(written from a Production point of view)
Judy Elkins was, while employed by Industrial Light & Magic (ILM), an animator on Star Trek II: The Wrath of Khan. Ten years later, from 1993 onward, she served as a visual effects (VFX) coordinator on the entire run of Star Trek: Deep Space Nine, as VFX Producer Dan Curry has specified at the time, "Joining the DEEP SPACE NINE Visual Effects crew this year will be Sue Jones and Judy Elkins, and Cari Thomas as Visual Associate." (Cinefantastique, Vol 23,#5, p. 62) Elkins has been given the opportunity to flex her muscles as VFX supervisor for seven episodes, spread over the last five seasons, but was never permanently elevated into the position.
Judy Elkins was part of the team that was mobilized to embellish Deep Space Nine's sixth season episode "A Time to Stand", which needed a shot of a retreating flotilla of Starfleet vessels. To beef out the scene, the visual effects staff built several new ships, kitbashing them out of parts from commercially available AMT/Ertl-Star Trek model kits. Elkins constructed the Federation tug, featured in the opening shot of the episide, and affectionately called the "USS Ertl" among the staff themselves. wbm  The warp engines originated from a D'deridex-class model kit (AMT kit no. 6858). A second kitbash she constructed, was the after her named Elkins-type, USS Elkins (NCC-74121), fleetingly seen in the same episode. This ship has been featured in more detail on Doug Drexler's wbm
Career outside Star Trek Edit
As a Bachelor of Fine Art graduate from the University of Texas at Austin, she started her professional career at ILM as animator, Raiders of the Lost Ark (1981) being her first recorded credit. As such she worked on Dragonslayer in the same year. The Wrath of Khan and Poltergeist followed suit the subsequent year. One year later, in 1983, she was a key sculptor on Star Wars Episode VI: Return of the Jedi. She then honed her skills by diversifying into the field of motion control photography, by becoming a motion control (assistant) camera operator for productions such as, The Abyss (1989) and Total Recall (1990), in the employ of Dream Quest Images (DQI, co-founded by Hoyt Yeatman and other former FGC employees who had worked on Star Trek: The Motion Picture). While in the employ of Boss Film Studios during the latter half of 1989, she worked as such on The Hunt for Red October (with a slew of other Star Trek alumni), though she went uncredited for all of these productions. Nevertheless, it was sufficient for her, to secure her position as visual effects coordinator on the Deep Space Nine-series in 1993.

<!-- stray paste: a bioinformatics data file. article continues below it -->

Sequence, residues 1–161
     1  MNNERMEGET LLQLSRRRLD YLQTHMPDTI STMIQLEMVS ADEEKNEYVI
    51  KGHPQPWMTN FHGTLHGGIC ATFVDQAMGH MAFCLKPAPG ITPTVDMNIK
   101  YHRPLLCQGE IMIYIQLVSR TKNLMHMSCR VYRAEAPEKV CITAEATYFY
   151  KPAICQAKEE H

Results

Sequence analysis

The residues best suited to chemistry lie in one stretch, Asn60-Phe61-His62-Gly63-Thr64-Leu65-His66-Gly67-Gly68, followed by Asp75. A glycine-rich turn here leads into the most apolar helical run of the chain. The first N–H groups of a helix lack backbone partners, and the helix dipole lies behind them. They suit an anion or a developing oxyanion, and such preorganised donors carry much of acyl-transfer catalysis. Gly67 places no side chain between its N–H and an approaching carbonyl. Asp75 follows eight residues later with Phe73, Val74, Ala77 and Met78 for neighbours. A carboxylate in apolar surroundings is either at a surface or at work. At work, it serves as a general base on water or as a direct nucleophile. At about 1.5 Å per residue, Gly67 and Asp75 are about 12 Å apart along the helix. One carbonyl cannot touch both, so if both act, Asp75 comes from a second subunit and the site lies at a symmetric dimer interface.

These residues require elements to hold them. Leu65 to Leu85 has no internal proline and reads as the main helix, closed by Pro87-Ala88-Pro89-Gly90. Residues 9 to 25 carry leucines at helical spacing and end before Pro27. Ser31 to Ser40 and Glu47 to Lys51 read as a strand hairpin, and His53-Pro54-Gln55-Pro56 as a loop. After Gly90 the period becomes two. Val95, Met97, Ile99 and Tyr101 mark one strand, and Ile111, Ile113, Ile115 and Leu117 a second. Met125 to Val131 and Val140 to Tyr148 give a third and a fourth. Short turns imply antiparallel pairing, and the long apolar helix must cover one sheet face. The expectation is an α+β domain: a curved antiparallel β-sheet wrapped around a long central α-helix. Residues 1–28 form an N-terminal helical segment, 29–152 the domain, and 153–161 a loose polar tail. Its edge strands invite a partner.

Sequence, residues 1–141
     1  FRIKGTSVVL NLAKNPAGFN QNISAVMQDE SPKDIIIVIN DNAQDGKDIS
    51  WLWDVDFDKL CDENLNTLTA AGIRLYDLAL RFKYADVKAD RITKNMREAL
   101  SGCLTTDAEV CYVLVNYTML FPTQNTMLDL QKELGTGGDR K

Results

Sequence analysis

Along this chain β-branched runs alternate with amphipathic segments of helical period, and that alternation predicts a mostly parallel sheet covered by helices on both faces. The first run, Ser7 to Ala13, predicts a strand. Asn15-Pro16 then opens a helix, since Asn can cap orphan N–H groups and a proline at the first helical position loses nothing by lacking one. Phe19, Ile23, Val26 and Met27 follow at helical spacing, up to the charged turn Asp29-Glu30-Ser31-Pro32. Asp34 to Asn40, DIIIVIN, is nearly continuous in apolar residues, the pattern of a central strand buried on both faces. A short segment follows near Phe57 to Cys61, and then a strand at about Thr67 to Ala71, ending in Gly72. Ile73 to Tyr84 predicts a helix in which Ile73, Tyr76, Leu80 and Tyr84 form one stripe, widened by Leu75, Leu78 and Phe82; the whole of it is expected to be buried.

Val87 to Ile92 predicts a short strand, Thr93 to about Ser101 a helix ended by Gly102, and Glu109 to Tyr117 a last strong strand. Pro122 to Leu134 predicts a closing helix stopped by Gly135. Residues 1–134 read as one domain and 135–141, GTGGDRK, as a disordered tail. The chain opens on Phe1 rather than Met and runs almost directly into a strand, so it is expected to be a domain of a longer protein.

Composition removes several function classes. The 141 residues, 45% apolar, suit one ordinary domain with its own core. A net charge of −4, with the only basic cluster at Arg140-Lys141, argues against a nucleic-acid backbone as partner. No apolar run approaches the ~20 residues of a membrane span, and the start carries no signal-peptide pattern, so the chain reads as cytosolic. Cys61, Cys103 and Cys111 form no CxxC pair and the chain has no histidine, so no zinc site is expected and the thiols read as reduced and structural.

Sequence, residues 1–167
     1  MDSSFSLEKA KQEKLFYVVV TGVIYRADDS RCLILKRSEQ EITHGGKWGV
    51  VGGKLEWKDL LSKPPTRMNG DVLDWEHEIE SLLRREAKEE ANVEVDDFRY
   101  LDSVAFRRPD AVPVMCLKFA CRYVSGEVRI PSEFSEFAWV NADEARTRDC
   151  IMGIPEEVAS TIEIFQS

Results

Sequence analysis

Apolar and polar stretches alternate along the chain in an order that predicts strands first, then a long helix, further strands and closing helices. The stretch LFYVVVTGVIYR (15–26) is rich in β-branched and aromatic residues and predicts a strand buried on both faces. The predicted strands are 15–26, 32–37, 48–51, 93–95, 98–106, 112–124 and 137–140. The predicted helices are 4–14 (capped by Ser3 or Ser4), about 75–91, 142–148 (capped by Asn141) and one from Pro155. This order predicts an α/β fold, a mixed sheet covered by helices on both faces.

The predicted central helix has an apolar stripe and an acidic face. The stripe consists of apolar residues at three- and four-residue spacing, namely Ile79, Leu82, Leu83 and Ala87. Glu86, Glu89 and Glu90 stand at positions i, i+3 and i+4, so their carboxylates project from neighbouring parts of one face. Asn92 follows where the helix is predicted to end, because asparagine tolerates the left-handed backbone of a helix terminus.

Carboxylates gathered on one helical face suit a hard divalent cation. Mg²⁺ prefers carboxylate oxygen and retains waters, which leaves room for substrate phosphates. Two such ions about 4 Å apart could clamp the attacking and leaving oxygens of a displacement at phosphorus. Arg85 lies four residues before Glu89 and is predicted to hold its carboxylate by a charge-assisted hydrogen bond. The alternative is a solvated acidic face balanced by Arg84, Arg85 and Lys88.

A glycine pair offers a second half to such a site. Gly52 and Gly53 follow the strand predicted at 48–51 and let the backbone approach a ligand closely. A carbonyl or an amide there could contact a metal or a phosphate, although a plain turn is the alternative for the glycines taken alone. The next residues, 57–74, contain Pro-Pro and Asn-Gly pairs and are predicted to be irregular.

After Deep Space Nine, Elkins has garnered few additional motion picture credits. As "visual effects coordinator/producer", she worked on the television show MythQuest (2001) and the television movie Idiocracy (2006), though she has worked as visual effects coordinator on the Star Trek-spoof, Galaxy Quest (1999).
Elkins has left the motion picture industry in 1999, in order to work on personal title for real-world corporations.
Star Trek credits Edit
(This list is currently incomplete.)
- As Animator:
- As Visual Effects Coordinator:
- As Visual Effects Supervisor:
Emmy Awards nominations Edit
For her work on Star Trek, Judy Elkins received the following Emmy Award nominations as Visual Effects Coordinator/(Co-)Supervisor in the category Outstanding Individual Achievement in Special Visual Effects:
- 1996 for the episode "The Way of the Warrior", shared with Joshua Cushner, Dennis Hoerter, Steve Fong, Adam Howard, Gary Hutzel, Don Lee, Fredric Meininger, Glenn Neufeld, Scott Rader, Jim Rider, and Joshua D. Rose
- 1997 for the episode "Trials and Tribble-ations", shared with Kevin P. Bouchez, Adam Howard, Laurie Resnick, Gregory Jein, Steve Fong, Don Lee, Davy T. Nethercutt, Adrian Hurley, Paul Maples, and Gary Hutzel
- 1998 for the episode "One Little Ship", shared with Paul Maples, Gary Monak, Gary Hutzel, Adrian Hurley, Steve Bowen, Steve Fong, Davy Nethercutt, Kevin Bouchez, Laurie Resnick, and Fredric Meininger
- 1999 for the episode "What You Leave Behind", shared with Dan Curry, Gary Hutzel, David Stipes, Adam Buckner, Arthur J. Codron, Adam Howard, Gary Monak, Paul Maples, Steve Fong, Don Greenberg, Paul Hill, Davy Nethercutt, Kevin Bouchez, Gregory Rainoff, Larry Younger, Sherry Hitch, Rob Bonchune, and David Lombardi